CAIRO (AP) — Ahmed Fouad Negm, who died Tuesday at the age of 84, was Egypt's poet of revolution, inspiring protesters from the 1970s through the current wave of uprisings with sharply political verses excoriating the country's leaders in the rich slang of colloquial Arabic.
Silver-haired, with a face creased by age and a lifetime of smoking, Negm — always seen wearing the traditional galabeya robes of the poor — tapped into the sentiments of Egypt's impoverished population, marginalized by the ruling elite.
Key to his poetry was his use of the Egyptian dialect, which is shunned by many elite poets, but which Negm exulted in, playing with puns, obscenities and rhyming slang that came straight from Cairo's slums or from its long-neglected rural areas.
Negm died at his home in Cairo, said his close friend and publisher Mohammed Hashem, director and owner of Merit publishing. "Today, we lost a peerless poet who only concerned himself with what's good for Egypt," Hashem said. "He remained a champion of just causes until the last minute."
Known as the "poet of the people," Negm shot to fame in the 1970s and the 1980s when his poetry was sung by blind musician Sheik Imam Issa who played the oud, a lute-like Arabic instrument. Their songs blasted presidents Gamal Abdel-Nasser and his successor Anwar Sadat over the humiliating defeat at the hands of Israel in the 1967 war, then what they saw as a surrender with the 1979 peace treaty.
The duo mostly performed in popular coffee houses and for university students, and their songs became the soundtrack for leftist student protests against Sadat. "Negm will be immortalized by the poetry he composed that was sung by Sheik Imam," prominent liberal politician Mohammed Aboul-Ghar said at his funeral, held at the ancient Imam Hussein mosque in the medieval quarter of Cairo.
Negm saw a revival in popularity during the later years of the 29-year rule of autocrat Hosni Mubarak, whom he skewered with his harshest verses over corruption, heavy-handed police tactics and broken promises of reform. That made him a star of the 2011 uprising that toppled Mubarak, and a new generation of protest singers put his verses to music and performed them in Cairo's famed Tahrir Square, birthplace of that revolt.
"See how compassionate his heart is? He is true and his conscience is clear. He starves you so you'll lose some weight," went one poem against Mubarak. An avowed secularist, Negm then turned on Mubarak's elected successor, President Mohammed Morsi of the Muslim Brotherhood, and supported his ouster in a July, popularly backed coup.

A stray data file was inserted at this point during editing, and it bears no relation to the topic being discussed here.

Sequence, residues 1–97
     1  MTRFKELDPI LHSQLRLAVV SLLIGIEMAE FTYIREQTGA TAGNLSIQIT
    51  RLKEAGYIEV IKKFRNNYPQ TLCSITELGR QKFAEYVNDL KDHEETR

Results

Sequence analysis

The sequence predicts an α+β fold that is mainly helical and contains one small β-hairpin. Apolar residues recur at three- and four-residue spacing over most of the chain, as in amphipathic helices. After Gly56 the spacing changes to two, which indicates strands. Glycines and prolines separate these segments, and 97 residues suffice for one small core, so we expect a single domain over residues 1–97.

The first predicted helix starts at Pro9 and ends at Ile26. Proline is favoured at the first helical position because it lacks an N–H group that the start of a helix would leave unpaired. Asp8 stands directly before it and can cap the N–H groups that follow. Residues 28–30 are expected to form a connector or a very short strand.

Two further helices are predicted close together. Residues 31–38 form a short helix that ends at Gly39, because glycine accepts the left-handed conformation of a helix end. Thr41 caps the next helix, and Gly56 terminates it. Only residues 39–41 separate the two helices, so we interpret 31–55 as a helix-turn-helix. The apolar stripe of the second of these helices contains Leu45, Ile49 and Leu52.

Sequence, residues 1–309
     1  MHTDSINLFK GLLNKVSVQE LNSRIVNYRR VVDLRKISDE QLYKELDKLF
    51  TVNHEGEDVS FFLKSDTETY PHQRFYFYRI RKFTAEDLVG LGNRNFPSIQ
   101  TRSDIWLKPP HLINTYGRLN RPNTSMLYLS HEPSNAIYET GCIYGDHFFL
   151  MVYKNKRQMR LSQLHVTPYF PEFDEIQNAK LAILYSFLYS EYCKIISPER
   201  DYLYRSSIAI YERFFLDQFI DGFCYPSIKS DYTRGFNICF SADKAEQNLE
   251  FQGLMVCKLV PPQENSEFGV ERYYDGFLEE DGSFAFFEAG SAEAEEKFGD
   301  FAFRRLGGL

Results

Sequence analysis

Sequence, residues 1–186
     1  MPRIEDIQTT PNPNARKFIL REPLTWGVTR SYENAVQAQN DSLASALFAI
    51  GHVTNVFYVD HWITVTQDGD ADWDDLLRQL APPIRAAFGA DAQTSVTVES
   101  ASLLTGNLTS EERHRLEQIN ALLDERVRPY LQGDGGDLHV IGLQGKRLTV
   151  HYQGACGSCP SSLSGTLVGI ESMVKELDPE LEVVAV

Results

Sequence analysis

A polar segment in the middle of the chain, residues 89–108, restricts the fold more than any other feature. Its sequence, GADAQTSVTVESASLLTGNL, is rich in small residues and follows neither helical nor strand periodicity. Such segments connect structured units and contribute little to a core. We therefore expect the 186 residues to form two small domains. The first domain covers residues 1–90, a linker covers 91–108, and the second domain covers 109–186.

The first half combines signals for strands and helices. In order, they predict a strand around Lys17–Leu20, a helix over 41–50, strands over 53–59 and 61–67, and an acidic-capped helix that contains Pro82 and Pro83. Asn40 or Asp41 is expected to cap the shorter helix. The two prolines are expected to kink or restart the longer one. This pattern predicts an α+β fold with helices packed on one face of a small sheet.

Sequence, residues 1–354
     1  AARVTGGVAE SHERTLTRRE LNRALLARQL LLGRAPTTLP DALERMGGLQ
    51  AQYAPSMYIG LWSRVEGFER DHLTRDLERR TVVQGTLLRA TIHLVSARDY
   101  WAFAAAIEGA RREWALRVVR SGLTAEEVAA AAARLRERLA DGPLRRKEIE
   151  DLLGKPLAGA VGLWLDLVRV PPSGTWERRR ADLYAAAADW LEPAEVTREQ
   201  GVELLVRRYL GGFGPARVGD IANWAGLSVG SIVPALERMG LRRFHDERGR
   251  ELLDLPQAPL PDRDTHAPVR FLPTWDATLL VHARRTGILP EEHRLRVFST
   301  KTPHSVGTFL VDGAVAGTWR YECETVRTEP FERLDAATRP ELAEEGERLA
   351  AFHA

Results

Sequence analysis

Islamists returned the hatred. "Thank God for the blessing that is his death," said an anonymous posting on an Islamist website on Tuesday. Negm was jailed for a total of 18 years for his political views under Nasser and Sadat — though never under Muabrak.
"A judge once told me that my poetry was crude," Negm once recalled. "I asked him: 'Is it more crude than what is happening in Egypt?' The judge laughed." His poetry and language shocked officialdom and the elite, until his later years after the 2011 uprising made him more accepted by the mainstream. One of the country's top businessmen and arguably its richest person, Naguib Saweris, is a vocal fan.
Negm had been scheduled to travel to Amsterdam later this month to receive the Prince Claus Award, one of the Netherlands' top cultural prizes. "Negm is both an icon and a folk hero, renowned in literary circles for the quality, lyricism and beauty of his work, from love songs to radical satires that take the complex, highly nuanced vernacular Arabic to unprecedented poetic levels," according to the citation of the prize, awarded by the Dutch Prince Claus Fund.
Negm's appearance and lifestyle matched the bluntness and nature of his verse, immersed in the language of the poor. He died in a small apartment in a government housing project given to him by authorities when he lost his previous home in a 1992 earthquake.
He had little formal education. Over the course of his life he took jobs as a house servant and a postal worker. "Poverty is my choice. My whole family is poor, so why should I be different?" he said. "I live with people, eat what they eat and am surrounded by the same pollution and garbage."
"We are a society that only cares about the hungry when they are voters and only cares about the naked when they are women," he once said, suggesting that people care more about "morality" than ensuring everyone can afford clothes.
Negm, who was married six times, is survived by three daughters, including prominent activist and columnist Nawara Negm, an iconic figure of the 2011 revolution. "You may not find in the life of your father something to brag about, but you will certainly not find anything that you will be ashamed of," he wrote in the dedication of a book of his verses to his daughters.